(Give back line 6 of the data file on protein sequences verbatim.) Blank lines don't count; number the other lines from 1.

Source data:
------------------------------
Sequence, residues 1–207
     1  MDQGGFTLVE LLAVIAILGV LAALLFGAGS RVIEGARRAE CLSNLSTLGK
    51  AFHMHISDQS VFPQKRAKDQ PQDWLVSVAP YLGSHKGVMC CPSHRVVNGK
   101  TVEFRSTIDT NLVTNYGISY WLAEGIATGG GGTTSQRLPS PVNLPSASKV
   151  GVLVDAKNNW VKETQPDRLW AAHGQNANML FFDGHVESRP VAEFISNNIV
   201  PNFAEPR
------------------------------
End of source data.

   201  PNFAEPR